Over 7,100 brick-and-mortar stores are expected to close in the U.S. this year due to competition from e-tailers and shifting consumer tastes. Those closures support the notion that the "retail apocalypse," which started in 2010, isn't over. Still, brick-and-mortar stores are expected to account for 89.3% of all spending in the U.S. this year, according to eMarketer, compared to just 10.7% from e-commerce channels.
E-commerce revenue is expected to rise 14% in 2019, but brick-and-mortar revenue should climb 1.8% -- indicating that not all traditional retailers are being wiped out. Consumers are still spending money in certain types of shops, including superstores like Walmart, warehouse retailers like Costco, specialty apparel purveyors like lululemon athletica, and discounters like Dollar General. All of these retailers are actually opening stores instead of closing them.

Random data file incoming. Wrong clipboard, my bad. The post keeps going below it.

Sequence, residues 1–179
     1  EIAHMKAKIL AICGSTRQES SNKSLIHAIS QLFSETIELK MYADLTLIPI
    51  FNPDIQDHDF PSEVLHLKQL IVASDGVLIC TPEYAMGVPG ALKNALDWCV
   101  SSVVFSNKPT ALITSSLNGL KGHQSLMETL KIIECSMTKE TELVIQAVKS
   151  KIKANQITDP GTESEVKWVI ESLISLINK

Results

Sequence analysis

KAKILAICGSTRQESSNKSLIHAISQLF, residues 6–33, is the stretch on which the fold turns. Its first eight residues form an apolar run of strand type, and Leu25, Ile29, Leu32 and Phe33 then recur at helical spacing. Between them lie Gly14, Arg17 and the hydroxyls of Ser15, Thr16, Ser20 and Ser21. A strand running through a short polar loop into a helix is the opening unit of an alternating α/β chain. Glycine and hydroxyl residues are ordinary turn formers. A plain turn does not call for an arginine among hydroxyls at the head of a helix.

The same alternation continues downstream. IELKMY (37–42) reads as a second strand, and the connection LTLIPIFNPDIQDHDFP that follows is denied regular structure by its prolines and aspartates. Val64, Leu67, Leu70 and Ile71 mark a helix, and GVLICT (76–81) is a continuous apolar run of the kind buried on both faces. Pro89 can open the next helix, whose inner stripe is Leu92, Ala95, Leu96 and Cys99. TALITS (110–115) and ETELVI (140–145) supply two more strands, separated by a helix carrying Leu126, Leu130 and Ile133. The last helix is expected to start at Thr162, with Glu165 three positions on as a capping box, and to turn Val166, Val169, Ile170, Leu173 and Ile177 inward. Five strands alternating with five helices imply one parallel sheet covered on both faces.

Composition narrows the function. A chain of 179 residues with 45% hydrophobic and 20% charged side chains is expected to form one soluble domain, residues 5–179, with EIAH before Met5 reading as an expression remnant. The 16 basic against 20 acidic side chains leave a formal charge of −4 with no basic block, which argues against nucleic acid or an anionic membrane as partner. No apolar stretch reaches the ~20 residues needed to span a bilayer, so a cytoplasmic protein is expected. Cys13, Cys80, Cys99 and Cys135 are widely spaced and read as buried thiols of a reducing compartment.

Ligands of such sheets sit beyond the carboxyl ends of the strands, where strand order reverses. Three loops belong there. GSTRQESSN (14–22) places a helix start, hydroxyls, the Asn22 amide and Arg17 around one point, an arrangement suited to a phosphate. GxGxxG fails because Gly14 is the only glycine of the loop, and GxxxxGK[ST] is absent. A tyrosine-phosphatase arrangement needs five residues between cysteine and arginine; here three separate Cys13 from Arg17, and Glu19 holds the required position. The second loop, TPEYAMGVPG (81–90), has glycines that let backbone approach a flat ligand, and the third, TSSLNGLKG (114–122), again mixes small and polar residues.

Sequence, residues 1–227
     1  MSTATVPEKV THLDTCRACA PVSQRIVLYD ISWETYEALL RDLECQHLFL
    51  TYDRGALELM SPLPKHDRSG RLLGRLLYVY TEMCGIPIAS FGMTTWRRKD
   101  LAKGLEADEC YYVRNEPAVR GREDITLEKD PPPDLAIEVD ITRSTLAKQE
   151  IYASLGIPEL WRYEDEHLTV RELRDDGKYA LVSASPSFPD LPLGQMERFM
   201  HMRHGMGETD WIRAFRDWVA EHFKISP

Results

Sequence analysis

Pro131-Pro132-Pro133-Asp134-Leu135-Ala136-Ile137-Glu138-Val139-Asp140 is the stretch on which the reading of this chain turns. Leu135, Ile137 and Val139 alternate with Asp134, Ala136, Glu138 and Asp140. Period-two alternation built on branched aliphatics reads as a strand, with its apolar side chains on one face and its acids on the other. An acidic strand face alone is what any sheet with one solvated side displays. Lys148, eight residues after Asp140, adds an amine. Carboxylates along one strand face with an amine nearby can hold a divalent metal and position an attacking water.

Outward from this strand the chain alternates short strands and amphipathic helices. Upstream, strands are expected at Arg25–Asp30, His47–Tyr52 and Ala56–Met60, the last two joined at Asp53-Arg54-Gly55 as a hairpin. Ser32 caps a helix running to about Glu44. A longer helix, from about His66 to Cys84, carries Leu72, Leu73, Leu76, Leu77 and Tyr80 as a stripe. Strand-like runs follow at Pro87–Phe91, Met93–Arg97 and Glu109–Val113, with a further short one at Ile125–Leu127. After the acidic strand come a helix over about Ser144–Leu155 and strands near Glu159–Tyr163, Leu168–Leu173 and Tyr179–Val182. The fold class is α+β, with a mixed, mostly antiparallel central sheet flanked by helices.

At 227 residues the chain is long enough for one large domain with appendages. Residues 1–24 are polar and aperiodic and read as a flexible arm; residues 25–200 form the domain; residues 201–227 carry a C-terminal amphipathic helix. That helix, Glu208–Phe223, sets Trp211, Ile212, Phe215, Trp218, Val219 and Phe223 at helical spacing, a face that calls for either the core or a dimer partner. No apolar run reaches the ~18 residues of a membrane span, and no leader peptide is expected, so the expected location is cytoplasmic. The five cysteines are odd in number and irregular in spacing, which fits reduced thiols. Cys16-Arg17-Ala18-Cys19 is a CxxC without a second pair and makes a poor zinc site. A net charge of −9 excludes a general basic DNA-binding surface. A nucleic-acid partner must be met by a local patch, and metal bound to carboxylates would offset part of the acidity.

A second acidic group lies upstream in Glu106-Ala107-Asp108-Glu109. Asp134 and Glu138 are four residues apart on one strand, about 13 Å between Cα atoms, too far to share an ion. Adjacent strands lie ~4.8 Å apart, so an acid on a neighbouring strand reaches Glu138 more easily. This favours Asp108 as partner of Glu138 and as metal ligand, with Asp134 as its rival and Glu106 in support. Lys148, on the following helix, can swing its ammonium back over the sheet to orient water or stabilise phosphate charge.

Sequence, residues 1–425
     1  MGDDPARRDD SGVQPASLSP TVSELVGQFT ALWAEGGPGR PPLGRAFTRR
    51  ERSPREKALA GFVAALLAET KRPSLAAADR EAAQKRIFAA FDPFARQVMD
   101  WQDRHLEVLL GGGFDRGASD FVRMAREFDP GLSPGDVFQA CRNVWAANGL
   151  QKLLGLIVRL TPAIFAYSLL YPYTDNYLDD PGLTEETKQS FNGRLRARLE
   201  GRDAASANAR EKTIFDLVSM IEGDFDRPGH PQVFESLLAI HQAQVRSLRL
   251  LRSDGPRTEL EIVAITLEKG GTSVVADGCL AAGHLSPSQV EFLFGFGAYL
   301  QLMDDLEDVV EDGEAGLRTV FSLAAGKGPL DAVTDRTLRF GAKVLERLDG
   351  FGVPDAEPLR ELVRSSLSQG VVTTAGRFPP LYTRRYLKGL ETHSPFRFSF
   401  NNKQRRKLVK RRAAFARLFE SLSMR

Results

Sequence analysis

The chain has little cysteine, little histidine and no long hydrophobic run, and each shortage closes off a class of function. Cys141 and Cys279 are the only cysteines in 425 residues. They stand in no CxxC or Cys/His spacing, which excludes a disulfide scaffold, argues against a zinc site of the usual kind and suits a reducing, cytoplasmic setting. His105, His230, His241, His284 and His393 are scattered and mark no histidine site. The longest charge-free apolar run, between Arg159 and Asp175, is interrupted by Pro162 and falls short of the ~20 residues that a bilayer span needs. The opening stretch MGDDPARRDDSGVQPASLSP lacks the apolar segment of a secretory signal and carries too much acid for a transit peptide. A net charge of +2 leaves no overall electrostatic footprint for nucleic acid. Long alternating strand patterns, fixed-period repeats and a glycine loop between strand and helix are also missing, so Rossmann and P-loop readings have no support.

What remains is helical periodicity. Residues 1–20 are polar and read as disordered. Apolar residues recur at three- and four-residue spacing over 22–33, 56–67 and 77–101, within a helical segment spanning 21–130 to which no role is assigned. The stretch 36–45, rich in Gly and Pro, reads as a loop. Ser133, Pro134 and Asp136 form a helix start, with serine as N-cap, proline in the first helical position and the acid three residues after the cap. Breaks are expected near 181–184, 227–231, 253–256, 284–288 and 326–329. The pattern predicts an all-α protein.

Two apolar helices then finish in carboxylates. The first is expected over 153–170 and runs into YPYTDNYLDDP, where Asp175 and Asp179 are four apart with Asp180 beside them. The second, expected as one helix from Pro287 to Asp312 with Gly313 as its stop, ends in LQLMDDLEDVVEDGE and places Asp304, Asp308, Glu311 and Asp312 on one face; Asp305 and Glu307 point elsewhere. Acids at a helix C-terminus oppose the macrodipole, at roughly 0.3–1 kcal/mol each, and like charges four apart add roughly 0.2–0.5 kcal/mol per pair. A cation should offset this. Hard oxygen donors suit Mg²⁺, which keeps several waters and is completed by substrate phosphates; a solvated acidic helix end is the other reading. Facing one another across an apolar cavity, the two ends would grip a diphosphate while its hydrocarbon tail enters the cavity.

But other shops are losing ground. Traditional department stores and mall-based stores are struggling as malls die out, and many apparel retailers can't keep pace with fast-fashion rivals like Zara. Brick-and-mortar stores won't vanish anytime soon, but only the "best in breed" players will survive the retail industry's ongoing transformation.